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On 1099s, It’s Not So Simple

November 2, 2010

New York Times columnist David Brooks ridicules the Affordable Care Act provision tightening businesses’ reporting requirements to the IRS on payments for goods and services: “If you’re a freelancer and you buy a laptop from an Apple store, you have to file a 1099.” Brooks sees that as an “expensive interference in business life.”

More Non-Partisan Common Sense on Taxes

November 1, 2010

A new report from the non-partisan Congressional Research Service (CRS) explains that permanently extending all of President Bush’s tax cuts would be extraordinarily expensive — CRS estimates the cost at $5 trillion over the next decade alone. The report recognizes that Congress, in deciding the future of the tax cuts, will need to consider the current weak economy as well as our unsustainable long-term budget path. But, it concludes, letting the Bush tax cuts aimed at the nation’s wealthiest 2 percent of households expire on schedule at the end of December makes sense from both perspectives. Here are the key quotes:

Americans Will Notice Obama’s Middle-Class Tax Cut When It’s Gone

October 19, 2010

The most curious aspect of the feverish debate over tax cuts is that President Obama cut taxes for more than 90 percent of working Americans, yet more than 90 percent of Americans have no idea this happened.

Enough Is Enough on Tax Cuts for Wealthy

September 27, 2010

UPDATE, SEPTEMBER 30: We’ve revised some of the figures in this post. Click here for the updated numbers.

In yesterday’s New York Times, Richard Thaler, one of the nation’s top economists, neatly refuted the arguments for borrowing tens of billions of dollars each year to keep President Bush’s tax cuts flowing to the most affluent 2 percent of people in the country. He then posed a central question: “whether we want a society in which the rich take an ever-increasing share of the pie, or prefer to return to conditions that allow all classes to anticipate an increasing standard of living.”

Tax Debate Should Focus on Real Middle Class

September 20, 2010

Proponents of extending President Bush’s costly tax cuts for people making over $250,000, which the non-partisan Congressional Budget Office (CBO) has rated the worst of all options under consideration for boosting a weak economy, are resorting to increasingly dubious claims to buttress a weak case. Two examples are in today’s papers:

Inconsistency and Flawed Economics on Taxes

September 17, 2010

In the current debate over federal taxes, all eyes are focused on what to do about President Bush’s expiring tax cuts for high-income people. Proponents of these tax cuts, mainly but not solely Republicans, argue that letting the cuts expire on time amounts to a tax increase — and, with the economy still very weak, now is not the time to raise taxes on anyone, wealthy or otherwise.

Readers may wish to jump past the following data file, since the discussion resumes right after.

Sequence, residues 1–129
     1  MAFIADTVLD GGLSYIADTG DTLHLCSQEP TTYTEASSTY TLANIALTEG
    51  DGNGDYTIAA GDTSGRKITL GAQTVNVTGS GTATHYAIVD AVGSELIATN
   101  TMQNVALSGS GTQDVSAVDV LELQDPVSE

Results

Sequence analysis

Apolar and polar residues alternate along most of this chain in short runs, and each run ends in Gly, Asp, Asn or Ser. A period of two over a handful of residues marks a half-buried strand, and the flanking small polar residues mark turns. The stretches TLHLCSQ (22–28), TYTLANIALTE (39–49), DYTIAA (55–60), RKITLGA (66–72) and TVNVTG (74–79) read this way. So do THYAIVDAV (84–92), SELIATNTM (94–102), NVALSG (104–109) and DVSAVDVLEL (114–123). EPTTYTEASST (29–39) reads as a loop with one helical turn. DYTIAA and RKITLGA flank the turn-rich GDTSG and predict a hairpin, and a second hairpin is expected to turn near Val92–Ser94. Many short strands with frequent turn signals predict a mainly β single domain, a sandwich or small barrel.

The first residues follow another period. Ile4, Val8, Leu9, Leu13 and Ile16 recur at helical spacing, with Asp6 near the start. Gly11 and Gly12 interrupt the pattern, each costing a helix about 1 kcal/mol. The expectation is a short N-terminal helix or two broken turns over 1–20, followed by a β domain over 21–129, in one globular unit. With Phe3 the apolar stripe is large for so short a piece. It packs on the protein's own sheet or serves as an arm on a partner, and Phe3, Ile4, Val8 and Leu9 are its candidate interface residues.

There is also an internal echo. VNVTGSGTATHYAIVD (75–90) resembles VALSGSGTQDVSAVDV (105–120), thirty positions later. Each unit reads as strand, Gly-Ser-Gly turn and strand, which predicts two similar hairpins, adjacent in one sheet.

“Freeloader” Charge an Insult to Low-Wage Workers

September 15, 2010

What do you call parents who work at very low-wage jobs to support their families — say, a single mother raising two children and working at a nursing home, or a construction laborer trying to support his wife and children? Until recently, policymakers have called them welfare-reform success stories: people who have chosen work over welfare. Now, however, there is a risk that it is becoming fashionable to call them “freeloaders” for whom the Internal Revenue is a “sugar daddy” dispensing tax benefits.

Reality Check on the High-Income Tax Cuts

September 9, 2010

As the debate over whether to extend the Bush tax cuts for families over $250,000 heats up, here are a few facts to keep in mind:

Inequality and the High-End Bush Tax Cuts

August 25, 2010

UPDATE, SEPTEMBER 30: We’ve revised some of the figures in this post. Click here for the updated numbers.

As I’ve said before, from the standpoint of economic efficiency there’s a clear-cut case for letting the Bush tax cuts for people over $250,000 expire on schedule in December. Sunsetting the high-income tax cuts makes just as much sense from the standpoint of equity. Recent data from the Congressional Budget Office (CBO) show a stunning shift in income away from the middle class and towards the highest-income people in the country over the last three decades:

Extending “Middle-Class” Tax Cuts Would Help Wealthy Even More

August 12, 2010

Who stands to gain the most if Congress extends the middle-class Bush tax cuts: a middle-income worker or a millionaire? The millionaire (see graph). That’s one more reason — on top of those listed here — why Congress shouldn’t add a trillion dollars in deficits and debt over the next decade by also extending the tax cuts exclusively for the richest 2 percent of families.